**Solution**

This is a uniform motion situation. A diagram will help us visualize the situation.

We fill in the chart to organize the information. |

We are looking for Hamilton’s downhill speed. Let $h=$ Hamilton’s downhill speed. |

His uphill speed is $8$ miles per hour slower. $h-8=$ Hamilton’s uphill speed. |

The distance is the same in both directions, $12$ miles. Since $D=r \cdot t$, we solve for $t$ and get $t=\frac{d}{r}$. We divide the distance by the rate in each row, and place the expression in the time column. |

Write a sentence. | The uphill time is $2$ hours more than the downhill time. |

Translate the sentence to get the equation. | $\frac{12}{h-8}=\frac{12}{h}+2$ |

Solve. | $\begin{align*} h(h-8)\left(\frac{12}{h-8}\right)&=h(h-8)\left(\frac{12}{h}+2\right) \\ 12h&=12(h-8)+2h(h-8) \\ 12h&=12h-96+2h^{2}-16h \\ 0&=2h^{2}-16h-96 \\ 0&=2(h^{2}-8h-48) \\ 0&=2(h-12)(h+4) \end{align*}$ |

$h-12=0 \ \ \ \ \ h+4=0$ $h=12 \ \ \ \cancel{h=-4}$ | |

Check. Is $12$ mph a reasonable speed for biking downhill? Yes. | Downhill $12$ mph $\frac{12 \ \text{miles}}{12 \ \text{mph}}=1$ hour Uphill $12-8=4$ mph $\frac{12 \ \text{miles}}{4 \ \text{mph}}=3$ hours |

The uphill times is $2$ hours more than the downhill time. | Hamilton’s downhill speed is $12$ mph. |

**7.5.4 Solve Work Applications**

The weekly gossip magazine has a big story about the Princess’ baby and the editor wants the magazine to be printed as soon as possible. She has asked the printer to run an extra printing press to get the printing done more quickly. Press #1 takes $6$ hours to do the job and Press #2 takes $12$ hours to do the job. How long will it take the printer to get the magazine printed with both presses running together?

This is a typical ‘work’ application. There are three quantities involved here—the time it would take each of the two presses to do the job alone and the time it would take for them to do the job together.

If Press #1 can complete the job in $6$ hours, one hour would complete $\frac{1}{6}$ of the job.

If Press #2 can complete the job in $12$ hours, in one hour it would complete $\frac{1}{12}$ of the job.

We will let $t$ be the number of hours it would take the presses to print the magazines with both presses running together. So in $1$ hour working together they have completed $\frac{1}{t}$ of the job.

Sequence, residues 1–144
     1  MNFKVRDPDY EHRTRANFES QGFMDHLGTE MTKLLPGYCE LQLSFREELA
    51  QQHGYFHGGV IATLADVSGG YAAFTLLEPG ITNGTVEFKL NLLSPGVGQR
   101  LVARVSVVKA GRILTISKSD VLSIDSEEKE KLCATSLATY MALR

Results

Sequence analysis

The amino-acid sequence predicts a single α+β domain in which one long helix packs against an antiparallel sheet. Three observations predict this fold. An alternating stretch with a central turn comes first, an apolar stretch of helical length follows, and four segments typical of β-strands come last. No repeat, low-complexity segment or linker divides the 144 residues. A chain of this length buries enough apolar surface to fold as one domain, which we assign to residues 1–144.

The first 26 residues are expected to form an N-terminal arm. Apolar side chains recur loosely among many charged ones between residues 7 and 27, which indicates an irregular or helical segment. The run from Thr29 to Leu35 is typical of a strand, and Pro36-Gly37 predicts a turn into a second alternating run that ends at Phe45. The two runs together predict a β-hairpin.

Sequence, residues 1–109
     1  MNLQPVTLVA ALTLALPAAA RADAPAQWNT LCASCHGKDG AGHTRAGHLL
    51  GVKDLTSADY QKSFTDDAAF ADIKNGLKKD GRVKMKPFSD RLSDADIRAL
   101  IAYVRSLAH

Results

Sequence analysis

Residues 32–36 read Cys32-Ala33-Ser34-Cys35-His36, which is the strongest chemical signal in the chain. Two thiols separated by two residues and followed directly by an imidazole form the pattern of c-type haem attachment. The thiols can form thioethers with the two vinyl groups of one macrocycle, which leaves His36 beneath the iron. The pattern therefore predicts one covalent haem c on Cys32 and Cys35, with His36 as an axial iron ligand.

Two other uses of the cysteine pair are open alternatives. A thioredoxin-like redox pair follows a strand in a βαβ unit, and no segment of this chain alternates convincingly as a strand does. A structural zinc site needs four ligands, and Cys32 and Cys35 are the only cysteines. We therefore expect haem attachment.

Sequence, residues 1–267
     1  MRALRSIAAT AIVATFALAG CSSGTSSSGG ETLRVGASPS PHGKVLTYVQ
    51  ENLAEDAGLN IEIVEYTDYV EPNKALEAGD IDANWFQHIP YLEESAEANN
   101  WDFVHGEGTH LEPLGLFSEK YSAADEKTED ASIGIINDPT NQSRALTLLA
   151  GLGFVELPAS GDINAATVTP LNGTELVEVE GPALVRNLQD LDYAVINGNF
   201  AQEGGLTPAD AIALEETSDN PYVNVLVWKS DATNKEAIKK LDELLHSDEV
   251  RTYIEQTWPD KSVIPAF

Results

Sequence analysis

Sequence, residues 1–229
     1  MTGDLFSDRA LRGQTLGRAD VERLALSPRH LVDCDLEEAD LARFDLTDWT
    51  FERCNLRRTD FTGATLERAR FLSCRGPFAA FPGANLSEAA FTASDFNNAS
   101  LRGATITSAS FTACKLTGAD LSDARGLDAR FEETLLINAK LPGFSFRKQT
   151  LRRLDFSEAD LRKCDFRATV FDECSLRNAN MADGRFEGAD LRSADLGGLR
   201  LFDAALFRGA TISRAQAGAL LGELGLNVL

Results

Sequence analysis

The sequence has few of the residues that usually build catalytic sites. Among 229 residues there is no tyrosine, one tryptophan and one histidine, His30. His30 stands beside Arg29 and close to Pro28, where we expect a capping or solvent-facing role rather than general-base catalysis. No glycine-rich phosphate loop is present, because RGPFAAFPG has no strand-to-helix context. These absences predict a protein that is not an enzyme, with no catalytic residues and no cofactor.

We can model this with the word equation and then translate to a rational equation. To find the time it would take the presses to complete the job if they worked together, we solve for $t$.

A chart will help us organize the information. We are looking for how many hours it would take to complete the job with both presses running together.

Let $t=$ the number of hours needed to complete the job together. | |

Enter the hours per job for Press #1, Press #2, and when they work together. If a job on Press #1 takes $6$ hours, then in $1$ hour, $\frac{1}{6}$ of the job is completed. Similarly, find the part of the job completed/hour for Press #2 and when they both work together. | |

Write a sentence. | The part completed by Press #1 plus the part completed by Press #2 equals the amount completed together. |

Translate into an equation. | Work completed by $\underbrace{ \text{ Press #1 + Press #2 = Together}}$ $\frac{1}{6}+\frac{1}{12}=\frac{1}{t}$ |

Multiply by the LCD, $12t$. | $12t\left(\frac{1}{6}+\frac{1}{12}\right)=12t\left(\frac{1}{12}\right)$ |

Simplify. | $\begin{align*}2t+t&=12\\ 3t&=12 \\ t&=4 \end{align*}$ |

When both presses are running it takes $4$ hours to do the job. |

Keep in mind, it should take less time for two presses to complete a job working together than for either press to do it alone.

**Example 8**

Suppose Pete can paint a room in $10$ hours. If he works at a steady pace, in $1$ hour he would paint $\frac{1}{10}$ of the room. If Alicia would take $8$ hours to paint the same room, then in $1$ hour she would paint $\frac{1}{8}$ of the room. How long would it take Pete and Alicia to paint the room if they worked together (and didn’t interfere with each other’s progress)?

**Solution**